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Chinese President Xi Jinping urged his army to increase its readiness for "armed combat" as officials say the country faces new security threats.
Xi told Chinese military officers on Tuesday that it was "necessary to step up preparations for armed combat" and improve the military's ability to carry out missions.
Xi's comments came as China announced a 6.6% spending increase to its national defense budget.
China is planning to pass controversial national security laws for Hong Kong on Thursday in an apparent effort to crack down on anti-Beijing sentiment.
Chinese President Xi Jinping urged his army to increase its preparedness for "armed combat" as protests in Hong Kong ramp up over a proposed new law that would effectively strip away the city's autonomy.
Xi on Tuesday told Chinese military officers on the sidelines of the National People's Congress (NPC) — an annual weeklong gathering of China's top legislative bodies — that the military must "explore ways of training and preparing for war" amid the coronavirus pandemic.
"It is necessary to explore ways of training and preparing for war because epidemic control efforts have been normalized," Xi was quoted as saying by the state-run Xinhua news agency, according to South China Morning Post.
According to Xinhua, Xi added that it was "necessary to step up preparations for armed combat" and improve the military's ability to carry out missions.
Xi also ordered the military to "think about worst-case scenarios, scale up training and battle preparedness, promptly and effectively deal with all sorts of complex situations and resolutely safeguard national sovereignty, security and development interests," according to Xinhua, paraphrasing Xi.
The comments came as China announced a 6.6% spending increase to its national defense budget.
According to SCMP, China's defense ministry spokesman Wu Qian told reporters on Tuesday that China's increased budget was due to what he said were enhanced national security risks.
Wu singled out Taiwan, the self-ruling island nation that Beijing insists is part of China. Taiwan has ramped up its relations with the US in recent months, much to China's ire.
"The situation against separatism is getting grimmer," Wu told reporters Tuesday. "We have to make economic calculations but above that we have to make security calculations when we consider military spending."
The order comes as Hong Kong protests restart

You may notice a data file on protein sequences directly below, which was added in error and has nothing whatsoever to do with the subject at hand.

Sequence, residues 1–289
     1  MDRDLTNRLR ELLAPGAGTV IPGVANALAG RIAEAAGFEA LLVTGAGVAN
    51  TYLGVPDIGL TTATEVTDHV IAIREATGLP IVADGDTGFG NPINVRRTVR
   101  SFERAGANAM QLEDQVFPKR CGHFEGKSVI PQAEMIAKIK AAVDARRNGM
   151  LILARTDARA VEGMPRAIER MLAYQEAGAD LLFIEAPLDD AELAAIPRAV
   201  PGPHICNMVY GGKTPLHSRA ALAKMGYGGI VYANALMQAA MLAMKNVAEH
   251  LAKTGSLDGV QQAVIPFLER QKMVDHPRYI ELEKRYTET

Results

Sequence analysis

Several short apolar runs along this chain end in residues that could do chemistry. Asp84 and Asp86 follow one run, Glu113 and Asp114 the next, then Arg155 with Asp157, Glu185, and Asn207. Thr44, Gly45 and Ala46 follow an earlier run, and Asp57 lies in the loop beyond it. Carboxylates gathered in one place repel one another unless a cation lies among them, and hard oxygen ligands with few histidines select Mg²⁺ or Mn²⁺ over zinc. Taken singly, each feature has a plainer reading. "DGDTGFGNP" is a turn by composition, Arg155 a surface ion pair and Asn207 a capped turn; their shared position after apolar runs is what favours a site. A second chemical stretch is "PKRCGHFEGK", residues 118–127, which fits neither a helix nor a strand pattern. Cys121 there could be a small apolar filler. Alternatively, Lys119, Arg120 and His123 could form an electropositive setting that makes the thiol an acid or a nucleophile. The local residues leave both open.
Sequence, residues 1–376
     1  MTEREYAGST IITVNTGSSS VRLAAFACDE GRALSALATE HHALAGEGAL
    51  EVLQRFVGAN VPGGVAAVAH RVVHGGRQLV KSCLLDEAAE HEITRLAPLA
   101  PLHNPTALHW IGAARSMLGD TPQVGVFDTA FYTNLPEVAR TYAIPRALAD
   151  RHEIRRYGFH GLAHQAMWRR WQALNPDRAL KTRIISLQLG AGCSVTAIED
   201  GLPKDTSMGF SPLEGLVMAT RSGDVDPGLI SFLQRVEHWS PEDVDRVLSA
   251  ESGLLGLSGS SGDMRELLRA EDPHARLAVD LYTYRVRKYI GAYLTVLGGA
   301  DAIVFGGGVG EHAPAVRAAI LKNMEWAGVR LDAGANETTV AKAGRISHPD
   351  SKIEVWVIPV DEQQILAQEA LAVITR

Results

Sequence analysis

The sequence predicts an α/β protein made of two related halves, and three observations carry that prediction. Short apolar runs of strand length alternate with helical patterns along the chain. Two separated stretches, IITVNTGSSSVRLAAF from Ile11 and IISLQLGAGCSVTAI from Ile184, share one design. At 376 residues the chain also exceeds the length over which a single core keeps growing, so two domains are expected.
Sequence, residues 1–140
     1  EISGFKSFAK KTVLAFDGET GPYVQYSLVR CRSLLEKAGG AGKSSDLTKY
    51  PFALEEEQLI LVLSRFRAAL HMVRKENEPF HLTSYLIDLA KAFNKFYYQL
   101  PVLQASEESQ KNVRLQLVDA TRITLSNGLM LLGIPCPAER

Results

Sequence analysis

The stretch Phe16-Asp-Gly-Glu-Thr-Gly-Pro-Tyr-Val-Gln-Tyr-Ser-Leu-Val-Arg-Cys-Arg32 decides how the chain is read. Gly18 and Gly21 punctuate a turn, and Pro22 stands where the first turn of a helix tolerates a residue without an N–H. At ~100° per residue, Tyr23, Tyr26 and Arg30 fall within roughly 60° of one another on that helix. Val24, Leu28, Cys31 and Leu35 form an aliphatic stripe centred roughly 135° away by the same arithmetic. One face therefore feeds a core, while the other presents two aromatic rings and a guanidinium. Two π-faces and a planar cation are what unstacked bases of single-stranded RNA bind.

China's focus on defense spending and preparedness comes as it moves forward with a set of controversial national security laws for Hong Kong meant to crack down on anti-Beijing sentiment.
The new proposal to target secession, subversion, and foreign interference in Hong Kong, is expected to be passed Thursday at the NPC.
The head of China's garrison in Hong Kong, Chen Daoxiang, also vowed on Tuesday that the military outpost would protect China's national security interests and would "act with firm resolve" to implement China's plans for the city.
The aggressive move by China has prompted thousands to take to the streets in Hong Kong over the weekend, resulting in police officers firing tear gas, rubber bullets, and pepper spray onto crowds that gathered at the busy shopping district of Causeway Bay.
Alda Tsang / Echoes Wire/Barcroft Media via Getty Images
On Tuesday, Hong Kong leader Carrie Lam addressed the outcry over the new proposal, warning that while people have a right to protest in the city, their freedom is not unlimited.
"We are a very free society, so for the time being, people have the freedom to say what they want to say," she said, adding: "Rights and freedoms are not absolute."
Ben Bland, a research fellow at Australia's Lowy Institute and author of "Generation HK: Seeking Identity in China's Shadow," told Business Insider that China's decision to thrust these new laws onto Hong Kong "represents a major blow to Hong Kong's freedoms and autonomy."
The US has also put China on notice over the move. On Sunday, White House national security adviser Robert O'Brien told NBC News' "Meet the Press" that China's actions indicated it was "going to basically take over Hong Kong," and warned that it could spark US sanctions.
"If they do," he said, Secretary of State Mike Pompeo would "likely be unable to certify that Hong Kong maintains a high degree of autonomy, and if that happens, there will be sanctions that will be imposed on Hong Kong and China."
Read the original article on Business Insider